How Dressage Riders Benefit from Developing Strong Core Muscles

USEF “S” dressage judge Debbie Rodriguez shares her thoughts on becoming a fit rider.

I wish I’d known long ago that time spent in the gym can significantly improve the quality of the time spent in the saddle. 

Being a petite woman with minimal muscling and strength, I was often told by my instructors to work out to get stronger. I took this to mean that I needed to be stronger to give stronger aids to my horse. Except for brief periods of jogging to quiet my instructors, I ignored the advice for years and continued to struggle with an off-center seat, poor posture, sore hips and a collapsed right side, thinking these faults would correct themselves if I just concentrated more or tried harder.

There are many styles and programs for keeping fit. Riders can benefit from basic core exercises, which don’t need equipment and are great for people who travel frequently. (Credit: iStock/Monkey Business Images)

It was not until a longtime student of mine with similar position issues started to have better posture during her lessons. I asked how she was able to improve her posture after all this time, expecting an answer about motivation or concentration. I was surprised to hear that she had been going to a personal trainer and doing some core work. The next week I began with the same trainer. The results were fairly immediate. The most noticeable improvement was the reduction in hip pain as the surrounding muscles got stronger. Shortly afterward, it was apparent that I could center my seat and maintain control over the shifting of my weight. Before long, I was able to keep my shoulders back for longer and longer periods of time. Yes, I still hear “sit up” and “shoulders back” a fair amount in my lessons, however, I can now make the corrections.

Half halts are more effective now that I can use my new found abs to steady my position and bring the horse to me instead of getting pulled down to him. How had I gone this long knowing I needed a fit and strong horse and still not realizing the importance of my own fitness as a part of the athletic partnership?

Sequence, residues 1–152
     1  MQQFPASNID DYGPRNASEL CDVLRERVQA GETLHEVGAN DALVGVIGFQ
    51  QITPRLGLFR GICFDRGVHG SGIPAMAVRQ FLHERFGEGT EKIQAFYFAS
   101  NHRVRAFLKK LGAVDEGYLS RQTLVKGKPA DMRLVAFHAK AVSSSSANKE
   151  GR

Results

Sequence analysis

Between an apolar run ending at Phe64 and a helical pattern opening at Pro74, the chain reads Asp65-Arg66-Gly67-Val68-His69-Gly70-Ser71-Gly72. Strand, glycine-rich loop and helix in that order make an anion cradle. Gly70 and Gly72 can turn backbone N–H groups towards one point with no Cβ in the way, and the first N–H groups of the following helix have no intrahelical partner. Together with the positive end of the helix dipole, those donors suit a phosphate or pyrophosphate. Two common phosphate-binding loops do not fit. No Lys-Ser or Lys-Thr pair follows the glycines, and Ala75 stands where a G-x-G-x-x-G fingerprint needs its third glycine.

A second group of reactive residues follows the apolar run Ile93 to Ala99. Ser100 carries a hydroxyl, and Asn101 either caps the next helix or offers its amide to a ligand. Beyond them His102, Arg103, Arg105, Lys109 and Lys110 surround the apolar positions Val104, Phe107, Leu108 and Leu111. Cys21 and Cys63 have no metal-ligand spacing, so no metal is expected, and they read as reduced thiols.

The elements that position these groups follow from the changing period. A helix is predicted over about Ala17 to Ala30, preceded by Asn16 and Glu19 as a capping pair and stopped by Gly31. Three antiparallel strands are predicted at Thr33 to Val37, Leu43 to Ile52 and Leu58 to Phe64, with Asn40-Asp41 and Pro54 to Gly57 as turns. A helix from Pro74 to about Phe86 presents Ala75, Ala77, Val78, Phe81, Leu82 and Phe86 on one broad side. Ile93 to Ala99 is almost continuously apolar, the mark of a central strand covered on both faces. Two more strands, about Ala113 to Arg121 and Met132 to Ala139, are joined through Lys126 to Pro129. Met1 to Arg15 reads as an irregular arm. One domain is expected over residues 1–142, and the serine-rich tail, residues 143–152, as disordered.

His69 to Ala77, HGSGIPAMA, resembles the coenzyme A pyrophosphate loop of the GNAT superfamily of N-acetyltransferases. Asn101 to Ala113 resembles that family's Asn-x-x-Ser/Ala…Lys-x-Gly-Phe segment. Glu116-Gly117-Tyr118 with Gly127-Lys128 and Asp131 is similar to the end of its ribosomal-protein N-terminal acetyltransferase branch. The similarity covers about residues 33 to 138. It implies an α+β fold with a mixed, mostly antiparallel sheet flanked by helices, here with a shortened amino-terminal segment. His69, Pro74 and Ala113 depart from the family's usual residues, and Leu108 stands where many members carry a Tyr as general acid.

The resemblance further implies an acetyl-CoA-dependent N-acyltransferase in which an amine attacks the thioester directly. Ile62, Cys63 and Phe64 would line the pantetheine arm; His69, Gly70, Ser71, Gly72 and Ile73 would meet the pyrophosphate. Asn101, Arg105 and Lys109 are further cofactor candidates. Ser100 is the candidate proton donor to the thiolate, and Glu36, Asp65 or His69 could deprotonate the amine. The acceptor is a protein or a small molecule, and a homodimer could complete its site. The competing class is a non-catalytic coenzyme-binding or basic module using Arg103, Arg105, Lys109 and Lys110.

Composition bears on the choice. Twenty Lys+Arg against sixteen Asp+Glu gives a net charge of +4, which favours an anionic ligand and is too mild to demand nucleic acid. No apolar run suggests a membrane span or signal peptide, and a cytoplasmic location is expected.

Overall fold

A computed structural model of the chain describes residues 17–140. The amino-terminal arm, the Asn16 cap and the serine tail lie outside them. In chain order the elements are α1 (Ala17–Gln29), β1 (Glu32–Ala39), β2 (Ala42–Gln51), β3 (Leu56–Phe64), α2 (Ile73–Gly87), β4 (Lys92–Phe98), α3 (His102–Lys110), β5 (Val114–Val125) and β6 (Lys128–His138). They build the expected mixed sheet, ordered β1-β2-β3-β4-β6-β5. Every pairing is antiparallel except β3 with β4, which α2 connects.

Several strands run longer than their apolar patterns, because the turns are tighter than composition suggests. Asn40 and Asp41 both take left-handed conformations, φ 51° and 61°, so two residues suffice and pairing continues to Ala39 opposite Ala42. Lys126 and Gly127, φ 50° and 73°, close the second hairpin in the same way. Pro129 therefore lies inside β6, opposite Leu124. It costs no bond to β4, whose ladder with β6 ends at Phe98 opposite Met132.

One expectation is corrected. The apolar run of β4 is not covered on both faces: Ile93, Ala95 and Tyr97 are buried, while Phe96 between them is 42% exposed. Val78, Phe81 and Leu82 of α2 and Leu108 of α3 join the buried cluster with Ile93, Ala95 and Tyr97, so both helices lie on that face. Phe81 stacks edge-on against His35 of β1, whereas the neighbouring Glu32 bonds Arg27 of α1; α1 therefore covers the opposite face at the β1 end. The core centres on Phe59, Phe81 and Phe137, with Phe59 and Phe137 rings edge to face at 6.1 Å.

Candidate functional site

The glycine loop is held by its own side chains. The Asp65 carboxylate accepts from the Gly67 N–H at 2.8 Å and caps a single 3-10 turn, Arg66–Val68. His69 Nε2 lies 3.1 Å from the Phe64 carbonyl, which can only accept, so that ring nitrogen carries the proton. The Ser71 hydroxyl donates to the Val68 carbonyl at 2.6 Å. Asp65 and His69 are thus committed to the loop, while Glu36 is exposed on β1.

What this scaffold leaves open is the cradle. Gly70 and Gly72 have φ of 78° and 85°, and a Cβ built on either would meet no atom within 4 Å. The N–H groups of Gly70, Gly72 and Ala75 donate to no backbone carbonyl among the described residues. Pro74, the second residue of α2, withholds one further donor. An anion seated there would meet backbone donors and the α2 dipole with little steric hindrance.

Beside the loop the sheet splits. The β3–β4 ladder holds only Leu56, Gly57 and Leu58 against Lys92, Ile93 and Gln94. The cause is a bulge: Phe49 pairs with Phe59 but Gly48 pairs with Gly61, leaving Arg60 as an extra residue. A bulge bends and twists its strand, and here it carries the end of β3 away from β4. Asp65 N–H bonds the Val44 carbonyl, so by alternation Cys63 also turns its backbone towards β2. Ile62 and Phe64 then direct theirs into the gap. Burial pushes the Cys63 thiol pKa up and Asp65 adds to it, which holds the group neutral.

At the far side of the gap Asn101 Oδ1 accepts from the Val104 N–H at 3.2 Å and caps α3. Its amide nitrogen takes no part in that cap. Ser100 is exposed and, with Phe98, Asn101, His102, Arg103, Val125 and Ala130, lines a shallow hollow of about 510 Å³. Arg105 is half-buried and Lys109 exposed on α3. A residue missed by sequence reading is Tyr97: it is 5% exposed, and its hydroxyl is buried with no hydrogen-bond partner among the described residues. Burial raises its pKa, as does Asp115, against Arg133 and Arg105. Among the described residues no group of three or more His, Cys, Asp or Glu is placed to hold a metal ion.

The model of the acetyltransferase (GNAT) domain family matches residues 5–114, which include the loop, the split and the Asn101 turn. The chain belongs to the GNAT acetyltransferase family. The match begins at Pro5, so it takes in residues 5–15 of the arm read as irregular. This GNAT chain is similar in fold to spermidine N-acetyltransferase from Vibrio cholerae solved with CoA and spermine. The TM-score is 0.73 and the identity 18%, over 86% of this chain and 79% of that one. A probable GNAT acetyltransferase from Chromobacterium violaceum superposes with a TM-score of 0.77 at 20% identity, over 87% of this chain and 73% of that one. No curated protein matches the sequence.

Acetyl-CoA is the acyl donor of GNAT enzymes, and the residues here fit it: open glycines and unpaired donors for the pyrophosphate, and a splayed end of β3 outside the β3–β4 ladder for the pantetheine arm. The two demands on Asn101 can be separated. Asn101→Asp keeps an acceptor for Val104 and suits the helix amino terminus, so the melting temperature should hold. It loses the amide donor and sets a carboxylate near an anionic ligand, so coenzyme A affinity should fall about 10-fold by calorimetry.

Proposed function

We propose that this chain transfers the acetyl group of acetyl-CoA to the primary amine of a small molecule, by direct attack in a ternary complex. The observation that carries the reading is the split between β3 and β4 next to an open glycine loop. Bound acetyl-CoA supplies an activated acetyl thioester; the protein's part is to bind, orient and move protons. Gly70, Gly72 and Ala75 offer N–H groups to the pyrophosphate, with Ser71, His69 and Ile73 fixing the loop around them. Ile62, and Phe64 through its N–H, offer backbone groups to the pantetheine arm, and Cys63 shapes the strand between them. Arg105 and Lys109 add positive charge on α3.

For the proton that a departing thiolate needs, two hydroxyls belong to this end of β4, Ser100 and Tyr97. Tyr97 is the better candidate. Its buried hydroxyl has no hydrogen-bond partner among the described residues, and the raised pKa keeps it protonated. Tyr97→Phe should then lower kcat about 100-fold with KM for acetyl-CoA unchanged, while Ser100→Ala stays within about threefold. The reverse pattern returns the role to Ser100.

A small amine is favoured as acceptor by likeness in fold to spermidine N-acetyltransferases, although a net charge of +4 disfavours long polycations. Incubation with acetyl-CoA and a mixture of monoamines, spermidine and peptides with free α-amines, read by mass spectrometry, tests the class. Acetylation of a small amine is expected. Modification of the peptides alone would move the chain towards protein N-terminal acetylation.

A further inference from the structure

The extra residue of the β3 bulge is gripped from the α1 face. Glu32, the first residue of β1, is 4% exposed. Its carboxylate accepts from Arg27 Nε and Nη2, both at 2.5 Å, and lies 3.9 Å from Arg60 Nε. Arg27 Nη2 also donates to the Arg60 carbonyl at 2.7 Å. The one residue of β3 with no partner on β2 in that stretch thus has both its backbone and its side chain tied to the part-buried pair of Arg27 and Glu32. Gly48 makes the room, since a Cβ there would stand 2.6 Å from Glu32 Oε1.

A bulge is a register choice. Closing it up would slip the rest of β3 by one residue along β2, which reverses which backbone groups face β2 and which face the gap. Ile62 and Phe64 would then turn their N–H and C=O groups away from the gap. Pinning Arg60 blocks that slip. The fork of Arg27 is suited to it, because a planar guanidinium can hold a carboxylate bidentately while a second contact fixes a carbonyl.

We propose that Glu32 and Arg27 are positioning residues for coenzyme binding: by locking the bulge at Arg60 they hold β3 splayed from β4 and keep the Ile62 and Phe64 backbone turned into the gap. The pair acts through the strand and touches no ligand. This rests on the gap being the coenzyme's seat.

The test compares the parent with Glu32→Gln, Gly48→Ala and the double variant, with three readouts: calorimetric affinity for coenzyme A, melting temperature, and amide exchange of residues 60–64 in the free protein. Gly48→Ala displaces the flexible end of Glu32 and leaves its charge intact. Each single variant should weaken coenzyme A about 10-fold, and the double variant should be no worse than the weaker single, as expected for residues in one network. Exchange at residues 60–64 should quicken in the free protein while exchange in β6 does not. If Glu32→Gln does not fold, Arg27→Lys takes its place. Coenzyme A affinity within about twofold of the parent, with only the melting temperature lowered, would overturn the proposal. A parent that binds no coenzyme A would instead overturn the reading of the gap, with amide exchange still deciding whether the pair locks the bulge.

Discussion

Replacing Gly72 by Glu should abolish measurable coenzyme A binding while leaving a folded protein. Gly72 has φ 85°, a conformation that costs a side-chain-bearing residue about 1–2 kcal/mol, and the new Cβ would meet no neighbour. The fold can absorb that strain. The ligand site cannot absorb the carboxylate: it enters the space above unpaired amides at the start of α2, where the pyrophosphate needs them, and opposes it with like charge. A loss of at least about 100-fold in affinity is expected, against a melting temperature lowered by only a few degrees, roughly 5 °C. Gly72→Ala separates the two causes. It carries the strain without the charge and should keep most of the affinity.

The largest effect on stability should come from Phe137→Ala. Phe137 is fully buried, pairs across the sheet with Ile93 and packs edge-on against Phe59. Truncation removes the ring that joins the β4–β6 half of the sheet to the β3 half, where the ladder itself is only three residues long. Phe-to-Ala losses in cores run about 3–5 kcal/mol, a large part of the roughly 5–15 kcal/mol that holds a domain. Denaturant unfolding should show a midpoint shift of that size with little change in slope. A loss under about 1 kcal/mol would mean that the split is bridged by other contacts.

Riding by itself is not sufficient exercise to develop the needed strength and flexibility to ride effectively. The rider must have enough muscle strength, coordination and suppleness to maintain a correct and balanced position in order to easily influence the horse. In the end, lighter aids are needed because the rider has better control over her body and is operating from a centered, strong and stable position.

While there are many styles and programs for keeping fit, some basic core fitness exercises fit into my schedule well. I am able to keep up with them even on the road as no equipment is needed. Over time I have found that exercises that isolate my right and left sides are very productive for allowing me to stay more centered in the saddle. Simple exercises like a back lunge or a side plank with a lateral leg lift have been most helpful. A short commitment of time off the horse can greatly improve the quality of time spent on the horse. I wish I had known the real value a strong core would bring to my riding.

(Credit: Cealy Tetley)

Debbie Rodriguez is a USDF bronze, silver and gold medalist, a USEF Technical Delegate and a USEF “S” dressage and “r” eventing judge. She graduated from Lake Erie College with a dual major in equestrian studies and business administration. Based in Williamsburg, Virginia, she trains riders and horses to the FEI levels. Her website is






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